By Olivia Cahoon
Part 1 of 2
Wide format scanners are used in storage and archiving for technical document printing to recreating a fine art print. Many models are combined with a printer to create a multifunction device for a one-stop shop.
In part one of this two-part series, we discuss the importance of high-end scanning and how recent advancements position multifunction devices to serve beyond technical markets.
The Importance of High-End Devices
The market for wide format scanning technology is based on how an image is captured and the sophistication of the software. Image capture is divided into Contact Image Sensor (CIS) and Charge Coupled Device (CCD). CIS is LED based and CCD is camera based technology.
CIS scanners are used to capture drawings in architectural, engineering, construction, oil and gas, and utility environments. For geographical information systems (GIS), land management, photography, and applications where full-page graphics are captured, CCD scans are utilized. Gregg Kockler, product manager, HP, Inc., shares that CIS scanners offer convenience scanning while CCD scanners are for more demanding customers that require production scanning.
Randy Geesman, president, Paradigm Imaging Group, adds that standalone wide format scanners—both CIS and CCD—are used for historical documents, fabric and garment patterns, and objects like wood, tile, or jewelry. “One recent trend in wide format scanning is the growing need for desktop scanning and for scanners that are portable so they can be moved easily to temporary or remote locations where the use of the scanner is short term,” says Geesman.
Construction industries utilize this technology because scanning is often needed on the jobsite. Geesman explains that scanners used as part of a multifunction or copy application are in two forms—single or dual footprint configurations. Single footprint configurations have the scanner positioned above the printer while dual footprint configurations have a separate footprint with the scanner and printer.
Geesman stresses that high-end scanners provide greater productivity based on the scan speeds. He says that CCD scanners, while at the high end of the price spectrum, aid color critical applications while CIS technology provides sharpness and detail at a lower price.
The Evolution of Scanners
In the late 1980s, wide format scanners took three to five minutes to capture a B&W document. Geesman says that color scanners didn’t exist and optical resolutions were 200 dpi. “Today, a document can be captured in eight to ten seconds in full color,” he adds. Now dpi is as high as 1,200, and software features exist to create filters that improve image quality and direct the image data to a printer using ICC.
Shortly after they became popular, wide format scanners were used to bring analog documents into the digital world so that paper archives were transformed into digital data for easier storage, management, and access, says Steve Blanken, GM, Contex.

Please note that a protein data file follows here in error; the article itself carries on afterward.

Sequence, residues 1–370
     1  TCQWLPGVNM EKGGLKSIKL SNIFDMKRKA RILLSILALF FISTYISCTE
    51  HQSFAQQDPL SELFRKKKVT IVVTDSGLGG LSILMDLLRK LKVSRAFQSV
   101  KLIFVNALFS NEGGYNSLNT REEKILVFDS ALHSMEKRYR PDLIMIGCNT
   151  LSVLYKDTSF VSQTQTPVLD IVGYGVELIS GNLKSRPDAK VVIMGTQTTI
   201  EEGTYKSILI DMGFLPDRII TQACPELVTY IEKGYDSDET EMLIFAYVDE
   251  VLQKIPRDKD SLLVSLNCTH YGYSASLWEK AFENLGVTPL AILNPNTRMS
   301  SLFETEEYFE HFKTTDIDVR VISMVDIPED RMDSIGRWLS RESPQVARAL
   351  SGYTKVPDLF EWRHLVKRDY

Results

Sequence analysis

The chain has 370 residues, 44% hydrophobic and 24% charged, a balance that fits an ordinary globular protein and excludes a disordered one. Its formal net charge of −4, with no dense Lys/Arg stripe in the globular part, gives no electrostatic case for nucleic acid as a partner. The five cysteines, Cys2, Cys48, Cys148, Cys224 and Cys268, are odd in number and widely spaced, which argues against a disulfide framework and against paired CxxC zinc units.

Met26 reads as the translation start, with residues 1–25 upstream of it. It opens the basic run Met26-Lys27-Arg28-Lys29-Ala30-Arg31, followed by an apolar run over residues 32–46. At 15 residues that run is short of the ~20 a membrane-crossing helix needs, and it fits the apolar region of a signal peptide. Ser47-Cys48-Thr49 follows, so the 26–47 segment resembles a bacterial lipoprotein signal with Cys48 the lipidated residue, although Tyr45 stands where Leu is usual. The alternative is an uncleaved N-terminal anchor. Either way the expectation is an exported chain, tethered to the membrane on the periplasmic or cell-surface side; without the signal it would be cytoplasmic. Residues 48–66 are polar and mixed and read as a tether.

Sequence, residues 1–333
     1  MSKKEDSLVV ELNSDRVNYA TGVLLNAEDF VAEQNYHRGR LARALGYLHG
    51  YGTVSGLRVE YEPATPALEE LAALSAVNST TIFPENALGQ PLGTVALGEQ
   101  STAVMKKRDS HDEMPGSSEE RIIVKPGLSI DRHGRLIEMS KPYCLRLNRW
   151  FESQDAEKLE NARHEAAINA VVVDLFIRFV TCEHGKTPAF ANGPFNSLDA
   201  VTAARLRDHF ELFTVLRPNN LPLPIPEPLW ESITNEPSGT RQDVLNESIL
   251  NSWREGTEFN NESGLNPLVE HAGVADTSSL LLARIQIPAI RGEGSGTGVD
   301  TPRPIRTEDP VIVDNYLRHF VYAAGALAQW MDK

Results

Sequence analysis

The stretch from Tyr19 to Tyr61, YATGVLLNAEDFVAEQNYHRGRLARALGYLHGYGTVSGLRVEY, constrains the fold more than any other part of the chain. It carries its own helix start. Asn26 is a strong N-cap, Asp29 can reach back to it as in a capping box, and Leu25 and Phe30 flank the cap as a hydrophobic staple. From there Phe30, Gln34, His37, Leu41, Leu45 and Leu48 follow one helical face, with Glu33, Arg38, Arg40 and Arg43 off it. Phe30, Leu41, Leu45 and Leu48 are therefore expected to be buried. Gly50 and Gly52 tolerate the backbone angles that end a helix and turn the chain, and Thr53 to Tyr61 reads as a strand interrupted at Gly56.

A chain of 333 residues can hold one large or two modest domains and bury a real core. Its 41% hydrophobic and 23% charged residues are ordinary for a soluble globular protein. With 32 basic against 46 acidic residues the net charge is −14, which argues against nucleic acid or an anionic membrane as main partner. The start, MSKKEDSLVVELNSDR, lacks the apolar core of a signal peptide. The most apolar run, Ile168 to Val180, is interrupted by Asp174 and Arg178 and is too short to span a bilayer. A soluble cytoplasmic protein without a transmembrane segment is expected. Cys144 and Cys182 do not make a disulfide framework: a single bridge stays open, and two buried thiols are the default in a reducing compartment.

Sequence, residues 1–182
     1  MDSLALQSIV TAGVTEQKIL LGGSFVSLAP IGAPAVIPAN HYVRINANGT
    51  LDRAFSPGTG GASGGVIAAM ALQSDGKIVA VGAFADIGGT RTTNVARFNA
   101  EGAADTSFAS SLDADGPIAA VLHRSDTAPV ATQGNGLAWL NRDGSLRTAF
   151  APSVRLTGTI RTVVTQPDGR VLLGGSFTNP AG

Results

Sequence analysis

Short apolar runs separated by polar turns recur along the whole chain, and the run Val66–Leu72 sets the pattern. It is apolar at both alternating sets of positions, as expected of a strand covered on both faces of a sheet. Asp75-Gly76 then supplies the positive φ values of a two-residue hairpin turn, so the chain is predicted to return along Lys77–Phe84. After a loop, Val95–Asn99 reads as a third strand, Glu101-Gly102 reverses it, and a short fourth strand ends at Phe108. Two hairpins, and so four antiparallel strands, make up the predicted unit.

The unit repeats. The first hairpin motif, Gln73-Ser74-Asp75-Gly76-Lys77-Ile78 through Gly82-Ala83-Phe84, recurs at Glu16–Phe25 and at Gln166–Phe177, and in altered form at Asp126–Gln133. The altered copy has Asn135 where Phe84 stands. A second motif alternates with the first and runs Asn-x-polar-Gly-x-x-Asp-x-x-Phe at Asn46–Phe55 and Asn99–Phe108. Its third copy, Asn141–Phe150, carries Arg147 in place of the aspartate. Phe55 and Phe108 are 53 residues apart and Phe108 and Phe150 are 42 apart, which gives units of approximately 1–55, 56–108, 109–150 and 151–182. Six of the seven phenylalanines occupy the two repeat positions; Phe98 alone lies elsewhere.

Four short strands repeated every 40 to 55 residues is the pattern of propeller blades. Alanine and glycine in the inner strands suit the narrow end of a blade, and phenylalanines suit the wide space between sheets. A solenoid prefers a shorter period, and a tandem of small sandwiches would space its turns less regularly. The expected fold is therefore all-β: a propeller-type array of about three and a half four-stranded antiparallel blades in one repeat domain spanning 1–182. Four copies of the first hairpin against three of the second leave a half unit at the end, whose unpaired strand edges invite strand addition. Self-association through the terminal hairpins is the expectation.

As technology advanced, wide format combined with printers to create a multifunctional device. These machines surpass scanning and offer printing, copying, and sometimes faxing. However, this technology has not yet been perfected. Blanken believes that standalone scanners are more productive than multifunction devices and deliver higher quality scans, especially in color.
“They are usually much slower and the software is very basic and limited,” says Geesman. He adds that multifunction devices are at an uncomfortable position and height, and they are not well suited for documents where color is critical.
Despite these challenges, wide format scanners remain relevant as recent trends appear. Geesman notes that there is a growing need for desktop scanning, printing, and copying and portability is essential for easier transportation from temporary to remote locations during short-term usage.
Blanken sees these devices used as communication tools with the capability to connect physically or virtually to computers, tablets, phones, printers, and the cloud.
Going Beyond Technical Markets
Traditionally used in the technical market, wide format scanners—and more specifically multifunction devices—are being used elsewhere thanks to technology advancements. Scanners using CCD technology are configured with high-end output devices for giclée printing and fine art reproduction.
“In the large format scanner world, it is imperative for our survival that we get outside of the technical space as the technical now creates everything digitally, so scanning is not nearly important,” advises Blanken. He adds that market share growth has expanded since multifunction scanners came underway.
Kockler points out that several HP products use a CCD scanner in applications that involve land management, photography, and GIS like maps and satellite images. He adds that different government defense agencies also use them heavily.
Wide Format Scanners
Wide format scanners are now used in numerous environments including architectural, fine art, photography, and technical markets. They have wide format scanners have advanced to multifunction devices that include copy, print, and fax capabilities. In part two of this series, we provide a roundup of available wide format scanners.
Click here to read part two of this exclusive online series, The Scanning Space.
Click on the link above to get more information on the vendors mentioned in this article.
Feb2017, Digital Output DOSCA1702